1

Can you please help me understand the difference between using whose and who And why in this sentence whose is useful?

whose umbrella is this? Is it your mother's?

The choices were

  1. Who
  2. Who's
  3. Whose
  4. Whose's

Thanks so much for help!))

1
  • "Who's" is a contraction for "who is". "Whose's" is gibberish.
    – Hot Licks
    Mar 9 '19 at 13:14
0

Who refers to persons or things we presume to be animate. According to use it may either be an interrogative or relative pronoun and is singular or plural as required.

Who's may mean ' who is ' or ' who has', — a short form.

Who has there forms.

  • WHO— as subject

  • WHOM— as object

  • WHOSE— OWNERSHIP

WHO never requires an " 'S " like nouns to mean ownership or possession as it has a distinct form for this.

WHOSE can function as possessive adjective or pronoun and refers to living or non living while WHO and WHOM are meant for the living. Nowadays we are using WHOM less and use WHO instead. When WHO asks a question and it is used as subject. There's no WHOSE'S as such in English.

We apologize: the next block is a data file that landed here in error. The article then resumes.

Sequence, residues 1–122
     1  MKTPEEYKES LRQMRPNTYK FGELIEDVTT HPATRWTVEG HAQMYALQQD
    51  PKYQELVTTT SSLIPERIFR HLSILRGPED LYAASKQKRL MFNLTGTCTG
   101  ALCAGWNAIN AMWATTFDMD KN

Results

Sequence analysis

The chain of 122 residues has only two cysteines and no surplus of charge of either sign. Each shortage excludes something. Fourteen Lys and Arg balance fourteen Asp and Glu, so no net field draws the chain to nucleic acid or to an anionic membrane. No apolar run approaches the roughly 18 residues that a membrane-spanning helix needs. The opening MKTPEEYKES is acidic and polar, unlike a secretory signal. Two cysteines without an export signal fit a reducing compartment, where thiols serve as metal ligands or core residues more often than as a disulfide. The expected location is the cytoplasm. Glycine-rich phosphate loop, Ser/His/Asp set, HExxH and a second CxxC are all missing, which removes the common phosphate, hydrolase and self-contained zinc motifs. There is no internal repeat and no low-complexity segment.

1

It's never who's or whose's, as possessive pronouns (or possessive determiners, if you prefer) aren't formed with apostrophes (apart from one's, which isn't used much in contemporary English).

Who refers to a person.

Who owns this umbrella? My mother owns this umbrella.

Whose refers to a thing owned by a person.

Whose umberella is this? It is my mother's umbrella.

Whose is this? It's mine.

You must log in to answer this question.